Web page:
Fr. Vito, hearing that the end was near, rushed to Chiara’s home on June 12 and began to prepare for her final Mass late that night. “The lamps are lit,” Enrico messaged their friends. “We are waiting for the Spouse.”

She was alert to the Gospel that night, from Matthew: “You are the salt of the earth … You are the light of the world …”

Fr. Vito asked Chiara during the homily, “What was Jesus’ lampstand?”

“The Cross,” she answered.

“Chiara,” he told her, “you are luminous because you are on the lampstand with Jesus.”

She died in her room the next day, at noon, June 13, 2012. Her funeral was a few days later in the same church in Rome where she had said goodbye to Maria Grazia and Davide. Filled with flowers, praise music, twenty priests, and hundreds of friends, it was a testament to joy.  It was a display of hope and trust in a God who redeems all of our suffering, if we can learn to unite it to His, as Chiara did.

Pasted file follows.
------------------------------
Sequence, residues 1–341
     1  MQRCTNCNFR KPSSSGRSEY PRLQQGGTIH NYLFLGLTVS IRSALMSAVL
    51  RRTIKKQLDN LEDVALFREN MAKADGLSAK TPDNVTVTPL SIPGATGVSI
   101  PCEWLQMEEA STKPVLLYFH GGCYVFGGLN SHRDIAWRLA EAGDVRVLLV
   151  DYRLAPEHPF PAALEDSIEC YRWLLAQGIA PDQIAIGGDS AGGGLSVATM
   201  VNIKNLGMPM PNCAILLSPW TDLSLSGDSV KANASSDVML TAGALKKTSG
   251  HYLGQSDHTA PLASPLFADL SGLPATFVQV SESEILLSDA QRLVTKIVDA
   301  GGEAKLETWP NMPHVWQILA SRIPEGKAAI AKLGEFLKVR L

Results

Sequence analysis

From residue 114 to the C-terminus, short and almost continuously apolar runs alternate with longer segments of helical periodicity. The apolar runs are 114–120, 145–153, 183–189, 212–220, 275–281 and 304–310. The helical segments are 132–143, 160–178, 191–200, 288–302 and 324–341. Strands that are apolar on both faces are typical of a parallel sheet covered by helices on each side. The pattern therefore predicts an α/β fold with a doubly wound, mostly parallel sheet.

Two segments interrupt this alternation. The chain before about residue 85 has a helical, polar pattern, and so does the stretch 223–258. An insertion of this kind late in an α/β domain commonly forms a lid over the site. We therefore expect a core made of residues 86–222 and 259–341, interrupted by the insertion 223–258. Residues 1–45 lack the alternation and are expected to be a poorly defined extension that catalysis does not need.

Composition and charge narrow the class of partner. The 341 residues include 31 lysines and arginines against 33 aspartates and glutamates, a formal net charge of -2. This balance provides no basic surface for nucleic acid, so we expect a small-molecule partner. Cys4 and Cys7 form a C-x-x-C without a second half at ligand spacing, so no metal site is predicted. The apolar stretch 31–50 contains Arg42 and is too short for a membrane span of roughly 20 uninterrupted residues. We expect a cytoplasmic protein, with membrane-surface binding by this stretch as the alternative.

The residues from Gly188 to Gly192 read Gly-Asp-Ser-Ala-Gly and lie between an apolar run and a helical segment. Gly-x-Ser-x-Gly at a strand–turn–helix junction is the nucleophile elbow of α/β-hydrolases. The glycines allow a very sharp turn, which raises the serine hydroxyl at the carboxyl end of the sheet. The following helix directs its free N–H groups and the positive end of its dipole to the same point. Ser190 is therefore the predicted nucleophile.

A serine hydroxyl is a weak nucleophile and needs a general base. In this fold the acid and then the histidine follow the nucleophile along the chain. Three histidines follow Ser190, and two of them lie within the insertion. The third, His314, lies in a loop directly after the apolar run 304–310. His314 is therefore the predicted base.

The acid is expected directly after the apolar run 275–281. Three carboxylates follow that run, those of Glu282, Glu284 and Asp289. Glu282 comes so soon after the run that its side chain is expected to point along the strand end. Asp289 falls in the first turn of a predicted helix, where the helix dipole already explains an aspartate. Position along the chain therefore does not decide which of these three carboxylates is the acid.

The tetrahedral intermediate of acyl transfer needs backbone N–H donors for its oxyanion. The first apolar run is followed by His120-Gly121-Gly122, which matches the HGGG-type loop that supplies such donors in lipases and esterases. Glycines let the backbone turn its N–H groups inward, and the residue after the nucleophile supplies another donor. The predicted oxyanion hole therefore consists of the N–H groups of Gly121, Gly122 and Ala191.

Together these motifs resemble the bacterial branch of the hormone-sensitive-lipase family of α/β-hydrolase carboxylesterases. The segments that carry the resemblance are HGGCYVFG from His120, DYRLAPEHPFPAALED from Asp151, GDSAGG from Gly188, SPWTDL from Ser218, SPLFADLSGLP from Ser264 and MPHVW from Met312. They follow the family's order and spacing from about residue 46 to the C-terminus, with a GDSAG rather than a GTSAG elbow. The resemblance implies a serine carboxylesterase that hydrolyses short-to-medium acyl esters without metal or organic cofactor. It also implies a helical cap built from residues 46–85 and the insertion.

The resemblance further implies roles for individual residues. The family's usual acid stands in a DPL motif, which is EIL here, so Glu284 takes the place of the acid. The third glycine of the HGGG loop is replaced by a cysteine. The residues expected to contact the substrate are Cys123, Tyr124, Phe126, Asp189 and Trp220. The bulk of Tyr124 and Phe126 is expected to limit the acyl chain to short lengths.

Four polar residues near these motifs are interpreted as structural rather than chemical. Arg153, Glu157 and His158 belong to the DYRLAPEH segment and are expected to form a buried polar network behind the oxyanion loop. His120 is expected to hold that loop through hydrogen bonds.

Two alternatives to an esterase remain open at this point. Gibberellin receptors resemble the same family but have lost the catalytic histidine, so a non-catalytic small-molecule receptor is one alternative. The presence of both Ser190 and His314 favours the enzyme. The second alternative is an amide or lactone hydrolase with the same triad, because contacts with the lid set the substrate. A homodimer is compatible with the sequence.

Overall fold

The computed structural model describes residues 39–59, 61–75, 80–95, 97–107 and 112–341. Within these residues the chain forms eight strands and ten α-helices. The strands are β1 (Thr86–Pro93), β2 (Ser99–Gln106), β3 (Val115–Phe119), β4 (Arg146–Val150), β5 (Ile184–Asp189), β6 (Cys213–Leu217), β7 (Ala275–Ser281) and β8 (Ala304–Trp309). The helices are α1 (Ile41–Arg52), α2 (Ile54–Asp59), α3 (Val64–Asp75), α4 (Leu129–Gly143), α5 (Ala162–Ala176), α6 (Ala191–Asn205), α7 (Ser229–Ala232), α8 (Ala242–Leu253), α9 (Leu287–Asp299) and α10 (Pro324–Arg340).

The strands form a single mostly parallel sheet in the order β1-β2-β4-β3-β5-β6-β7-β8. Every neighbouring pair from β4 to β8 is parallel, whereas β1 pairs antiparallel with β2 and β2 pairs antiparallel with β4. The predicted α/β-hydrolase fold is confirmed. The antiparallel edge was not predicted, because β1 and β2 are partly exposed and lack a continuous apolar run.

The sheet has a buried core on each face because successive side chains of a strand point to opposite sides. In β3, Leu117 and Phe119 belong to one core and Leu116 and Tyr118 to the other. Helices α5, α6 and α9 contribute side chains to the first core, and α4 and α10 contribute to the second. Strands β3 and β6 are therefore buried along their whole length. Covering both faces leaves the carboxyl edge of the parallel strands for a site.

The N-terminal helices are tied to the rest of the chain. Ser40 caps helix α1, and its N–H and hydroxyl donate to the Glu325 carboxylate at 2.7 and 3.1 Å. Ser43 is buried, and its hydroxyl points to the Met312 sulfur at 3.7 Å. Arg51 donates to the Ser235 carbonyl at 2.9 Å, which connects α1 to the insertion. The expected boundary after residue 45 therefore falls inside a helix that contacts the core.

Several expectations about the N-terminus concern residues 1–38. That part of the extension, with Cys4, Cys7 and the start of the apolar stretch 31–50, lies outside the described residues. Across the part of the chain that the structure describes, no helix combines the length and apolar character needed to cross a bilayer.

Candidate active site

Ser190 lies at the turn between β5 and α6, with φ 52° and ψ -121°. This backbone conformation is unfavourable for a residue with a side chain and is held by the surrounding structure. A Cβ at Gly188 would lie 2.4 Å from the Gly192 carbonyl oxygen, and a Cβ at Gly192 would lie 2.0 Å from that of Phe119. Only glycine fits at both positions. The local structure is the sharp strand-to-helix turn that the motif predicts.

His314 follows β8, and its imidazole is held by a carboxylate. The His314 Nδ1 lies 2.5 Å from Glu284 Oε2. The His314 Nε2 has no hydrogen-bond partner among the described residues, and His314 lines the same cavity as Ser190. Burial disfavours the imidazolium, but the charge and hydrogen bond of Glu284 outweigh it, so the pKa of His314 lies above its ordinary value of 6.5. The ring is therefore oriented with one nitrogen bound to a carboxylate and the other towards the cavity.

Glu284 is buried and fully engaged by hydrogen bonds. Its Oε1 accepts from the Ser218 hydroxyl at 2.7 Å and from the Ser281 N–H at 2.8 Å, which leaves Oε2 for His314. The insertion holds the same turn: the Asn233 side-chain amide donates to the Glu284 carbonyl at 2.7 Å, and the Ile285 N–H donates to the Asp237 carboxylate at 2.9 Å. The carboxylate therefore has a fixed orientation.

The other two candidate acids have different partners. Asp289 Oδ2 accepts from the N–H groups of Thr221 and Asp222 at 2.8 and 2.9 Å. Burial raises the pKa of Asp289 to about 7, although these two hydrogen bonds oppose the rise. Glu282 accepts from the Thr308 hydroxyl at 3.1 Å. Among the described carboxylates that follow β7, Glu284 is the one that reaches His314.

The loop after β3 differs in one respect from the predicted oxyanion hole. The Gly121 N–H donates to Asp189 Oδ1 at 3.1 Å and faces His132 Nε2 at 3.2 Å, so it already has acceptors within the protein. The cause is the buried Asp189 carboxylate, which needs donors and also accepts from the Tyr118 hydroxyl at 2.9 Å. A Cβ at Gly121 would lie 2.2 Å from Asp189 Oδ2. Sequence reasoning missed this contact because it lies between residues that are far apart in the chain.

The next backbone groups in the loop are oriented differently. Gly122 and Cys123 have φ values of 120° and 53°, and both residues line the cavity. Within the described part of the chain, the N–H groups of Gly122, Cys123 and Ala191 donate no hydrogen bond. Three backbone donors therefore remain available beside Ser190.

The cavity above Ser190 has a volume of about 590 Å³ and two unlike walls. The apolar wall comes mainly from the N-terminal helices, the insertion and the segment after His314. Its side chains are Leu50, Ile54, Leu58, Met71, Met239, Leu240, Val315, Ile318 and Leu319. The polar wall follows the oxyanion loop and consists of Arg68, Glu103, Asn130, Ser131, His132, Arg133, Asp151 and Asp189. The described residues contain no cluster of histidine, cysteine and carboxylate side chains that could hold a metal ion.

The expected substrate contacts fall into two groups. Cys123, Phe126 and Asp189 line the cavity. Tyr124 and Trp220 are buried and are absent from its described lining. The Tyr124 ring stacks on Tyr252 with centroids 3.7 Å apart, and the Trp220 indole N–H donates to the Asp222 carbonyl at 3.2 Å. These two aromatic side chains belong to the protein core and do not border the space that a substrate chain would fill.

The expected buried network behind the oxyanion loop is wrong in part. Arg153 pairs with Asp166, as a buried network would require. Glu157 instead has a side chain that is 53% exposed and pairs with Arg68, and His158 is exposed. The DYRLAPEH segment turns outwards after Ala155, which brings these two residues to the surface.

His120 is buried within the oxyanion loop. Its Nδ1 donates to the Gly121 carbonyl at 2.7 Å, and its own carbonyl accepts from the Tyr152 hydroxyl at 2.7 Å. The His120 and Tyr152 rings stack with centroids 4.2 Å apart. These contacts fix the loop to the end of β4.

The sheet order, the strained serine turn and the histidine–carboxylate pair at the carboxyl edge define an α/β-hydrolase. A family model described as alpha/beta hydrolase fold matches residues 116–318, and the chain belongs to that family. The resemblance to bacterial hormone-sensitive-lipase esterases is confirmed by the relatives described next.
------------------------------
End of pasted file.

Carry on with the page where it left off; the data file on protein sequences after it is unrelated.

Precious in the sight of the Lord is the death of His saints. – Psalm 116

There are many lessons that Chiara taught through her short but profound life, but here are a few that burned the brightest for me:

  • Our bodies are made for self-giving and love. Just as through the Body of Christ comes our salvation, we are to literally spend our bodies in service of the other. Chiara believed that in pregnancy and birth her body was for the child, even while knowing the child was not for her.
  • Life is sacred. All of it. Chiara and Enrico welcomed each child with reverence, as purely a gift from God, entrusted to them only for a little while, and then to be given back. They realized that “we are born, never to die.”